Rosie the Riveter
has come to represent the women of World War II. We all love Rosie. She’s
strong but cute. She has biceps, but she curls her hair and does her
nails. And look at that chin—she won't let anyone tell her what she
can or can’t do. She is woman; hear her riveting gun.
The 1940 census counted
132 million people in the USA. During the war, 11 million men and women served
in the armed forces. Even if the economy had continued at its pre-war level, that would have caused a significant drop in the workforce, but with the enormous
increase in production, more workers were desperately needed. And that meant
actively recruited women to work in war jobs, and women’s war work was praised
in songs, posters, advertisements, and movies. The “We Can Do It” poster by J.
Howard Miller (1942), produced for a campaign at Westinghouse, is most closely associated with
Rosie the Riveter, but actually wasn’t identified as a “Rosie” at the time.
song “Rosie the Riveter” (Redd Evans/John Jacob Loeb, copyright 1942) praised
the girl on the assembly line and was recorded by Kay Kyser, the Four
Vagabonds, and others. (see YouTube video below for the Four Vagabonds 1943 recording)
On May 29, 1943,
Norman Rockwell’s “Rosie the Riveter” painting appeared on the cover of The Saturday Evening Post. Rosie’s foot stamps out Hitler’s Mein Kampf, a riveting gun lies across her lap, and “Rosie” is printed on her lunchbox.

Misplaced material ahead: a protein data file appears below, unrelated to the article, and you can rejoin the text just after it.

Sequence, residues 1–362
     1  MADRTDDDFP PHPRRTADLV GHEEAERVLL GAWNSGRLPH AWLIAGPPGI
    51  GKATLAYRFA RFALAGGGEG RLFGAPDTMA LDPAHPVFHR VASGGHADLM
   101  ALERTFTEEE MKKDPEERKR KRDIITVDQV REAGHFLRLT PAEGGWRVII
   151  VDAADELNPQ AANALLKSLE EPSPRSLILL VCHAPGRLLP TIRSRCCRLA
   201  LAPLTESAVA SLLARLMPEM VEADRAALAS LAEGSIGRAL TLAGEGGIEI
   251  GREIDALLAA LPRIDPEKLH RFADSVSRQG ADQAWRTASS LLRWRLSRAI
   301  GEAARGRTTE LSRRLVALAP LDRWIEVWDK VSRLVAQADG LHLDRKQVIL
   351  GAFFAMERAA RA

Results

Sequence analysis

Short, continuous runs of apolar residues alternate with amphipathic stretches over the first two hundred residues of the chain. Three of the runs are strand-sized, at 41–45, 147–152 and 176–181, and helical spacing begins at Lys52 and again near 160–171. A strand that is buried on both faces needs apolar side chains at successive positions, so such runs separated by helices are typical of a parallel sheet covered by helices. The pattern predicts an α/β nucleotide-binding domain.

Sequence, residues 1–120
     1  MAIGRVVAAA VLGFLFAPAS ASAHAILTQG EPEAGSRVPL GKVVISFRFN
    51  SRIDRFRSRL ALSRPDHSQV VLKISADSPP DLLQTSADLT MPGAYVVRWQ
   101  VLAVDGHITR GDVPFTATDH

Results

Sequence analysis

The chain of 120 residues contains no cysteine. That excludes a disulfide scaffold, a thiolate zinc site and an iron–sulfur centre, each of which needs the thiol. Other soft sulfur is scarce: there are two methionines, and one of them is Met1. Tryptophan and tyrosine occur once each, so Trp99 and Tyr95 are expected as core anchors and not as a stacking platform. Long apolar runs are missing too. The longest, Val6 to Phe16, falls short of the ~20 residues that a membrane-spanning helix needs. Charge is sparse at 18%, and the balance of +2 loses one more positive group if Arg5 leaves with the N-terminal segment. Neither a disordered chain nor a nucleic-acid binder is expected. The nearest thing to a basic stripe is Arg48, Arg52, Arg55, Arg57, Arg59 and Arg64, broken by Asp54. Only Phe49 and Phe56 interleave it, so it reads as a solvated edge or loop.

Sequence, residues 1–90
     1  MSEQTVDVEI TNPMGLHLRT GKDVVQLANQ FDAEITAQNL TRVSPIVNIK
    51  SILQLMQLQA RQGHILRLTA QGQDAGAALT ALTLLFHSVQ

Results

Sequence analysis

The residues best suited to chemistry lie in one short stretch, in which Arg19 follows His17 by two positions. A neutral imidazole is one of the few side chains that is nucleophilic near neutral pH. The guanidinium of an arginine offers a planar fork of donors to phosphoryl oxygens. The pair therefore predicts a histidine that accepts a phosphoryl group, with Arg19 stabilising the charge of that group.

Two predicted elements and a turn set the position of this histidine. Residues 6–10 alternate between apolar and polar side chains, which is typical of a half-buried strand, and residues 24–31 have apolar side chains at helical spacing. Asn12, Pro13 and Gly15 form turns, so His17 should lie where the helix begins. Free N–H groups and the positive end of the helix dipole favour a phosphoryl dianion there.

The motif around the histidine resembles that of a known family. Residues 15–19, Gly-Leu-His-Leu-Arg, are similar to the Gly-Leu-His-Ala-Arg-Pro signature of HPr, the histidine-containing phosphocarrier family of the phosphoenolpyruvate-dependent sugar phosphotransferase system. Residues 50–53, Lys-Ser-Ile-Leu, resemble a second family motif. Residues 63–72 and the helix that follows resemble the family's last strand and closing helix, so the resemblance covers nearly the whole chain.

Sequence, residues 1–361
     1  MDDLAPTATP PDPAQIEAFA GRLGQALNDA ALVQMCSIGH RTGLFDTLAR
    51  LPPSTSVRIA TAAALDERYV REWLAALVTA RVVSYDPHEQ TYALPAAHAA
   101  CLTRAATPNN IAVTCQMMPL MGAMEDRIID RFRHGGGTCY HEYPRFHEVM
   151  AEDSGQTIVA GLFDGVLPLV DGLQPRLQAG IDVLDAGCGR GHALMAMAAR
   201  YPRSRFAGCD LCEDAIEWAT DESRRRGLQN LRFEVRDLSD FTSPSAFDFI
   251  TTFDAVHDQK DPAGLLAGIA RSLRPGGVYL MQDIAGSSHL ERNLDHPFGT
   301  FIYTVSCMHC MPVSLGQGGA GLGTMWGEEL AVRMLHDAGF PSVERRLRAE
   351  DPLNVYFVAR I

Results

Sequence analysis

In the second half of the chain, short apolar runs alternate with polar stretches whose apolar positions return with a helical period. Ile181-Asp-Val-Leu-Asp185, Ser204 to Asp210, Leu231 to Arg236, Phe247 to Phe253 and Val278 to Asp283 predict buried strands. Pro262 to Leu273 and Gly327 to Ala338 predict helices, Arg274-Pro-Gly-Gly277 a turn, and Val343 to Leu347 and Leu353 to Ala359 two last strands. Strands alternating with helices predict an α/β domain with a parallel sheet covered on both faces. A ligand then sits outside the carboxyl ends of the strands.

Throughout the years, many women have claimed to be the inspiration for the
song, the poster, or the painting. Regardless, Rosie has come to represent all women who contributed to the war effort by stepping into men’s workboots.
During the war, 19
million women held jobs outside of the home, up from 12 million in 1940. Thirty
percent of these women followed Rosie and worked in factories, where they faced
opposition. Some believed women wouldn’t be capable of
performing men’s jobs, and some were convinced the women were there to seduce
the men. However, Rosie and her friends proved to be able workers—and were even
preferred in some jobs that benefitted from women’s smaller fingers and
attention to detail.
They faced other
challenges. While 2.75 million working women had children under the age of fourteen,
day care was not available early in the war. Mothers relied on relatives or friends—or left
the children unattended. Movie theaters reported an unsettling trend of young children left all day at the movies unsupervised. Savvy employers began to provide on-site day care, and
centers were also established at schools.
Women struggled for
equal treatment. Although the War Labor Board decreed in April 1943 that women
in war jobs were to receive equal work for equal pay, the average wage for
female workers remained significantly lower. As the newest employees on the job,
women lacked seniority under union rules and were mostly stuck with the
swing swift—an extra problem for mothers with young children at home.
Women played an
important role in the extraordinary increase in production during the war,
contributing to the “Arsenal of Democracy” that helped win the war for the
Here’s to all the
Rosies! They could do it!
Lingeman, Richard R. Don’t You Know
There’s a War on? The American Home Front 1941-1945. New York: G.P.
Putnam’s Sons, 1970.
Library of Congress video about Rosie the Riveter.
Labels: rosie the riveter, wartime production, women, women in WWII, World War II